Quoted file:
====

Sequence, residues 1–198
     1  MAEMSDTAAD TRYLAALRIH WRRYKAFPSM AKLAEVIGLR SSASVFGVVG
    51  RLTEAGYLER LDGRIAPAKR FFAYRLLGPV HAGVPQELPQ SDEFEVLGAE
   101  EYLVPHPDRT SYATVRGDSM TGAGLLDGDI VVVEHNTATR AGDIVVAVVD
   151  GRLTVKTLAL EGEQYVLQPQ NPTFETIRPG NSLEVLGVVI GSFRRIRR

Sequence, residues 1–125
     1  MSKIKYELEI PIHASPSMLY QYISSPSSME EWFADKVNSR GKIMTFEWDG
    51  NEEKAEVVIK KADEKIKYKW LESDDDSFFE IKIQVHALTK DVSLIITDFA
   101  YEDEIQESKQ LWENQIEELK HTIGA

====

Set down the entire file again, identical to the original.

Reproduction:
Sequence, residues 1–198
     1  MAEMSDTAAD TRYLAALRIH WRRYKAFPSM AKLAEVIGLR SSASVFGVVG
    51  RLTEAGYLER LDGRIAPAKR FFAYRLLGPV HAGVPQELPQ SDEFEVLGAE
   101  EYLVPHPDRT SYATVRGDSM TGAGLLDGDI VVVEHNTATR AGDIVVAVVD
   151  GRLTVKTLAL EGEQYVLQPQ NPTFETIRPG NSLEVLGVVI GSFRRIRR

Sequence, residues 1–125
     1  MSKIKYELEI PIHASPSMLY QYISSPSSME EWFADKVNSR GKIMTFEWDG
    51  NEEKAEVVIK KADEKIKYKW LESDDDSFFE IKIQVHALTK DVSLIITDFA
   101  YEDEIQESKQ LWENQIEELK HTIGA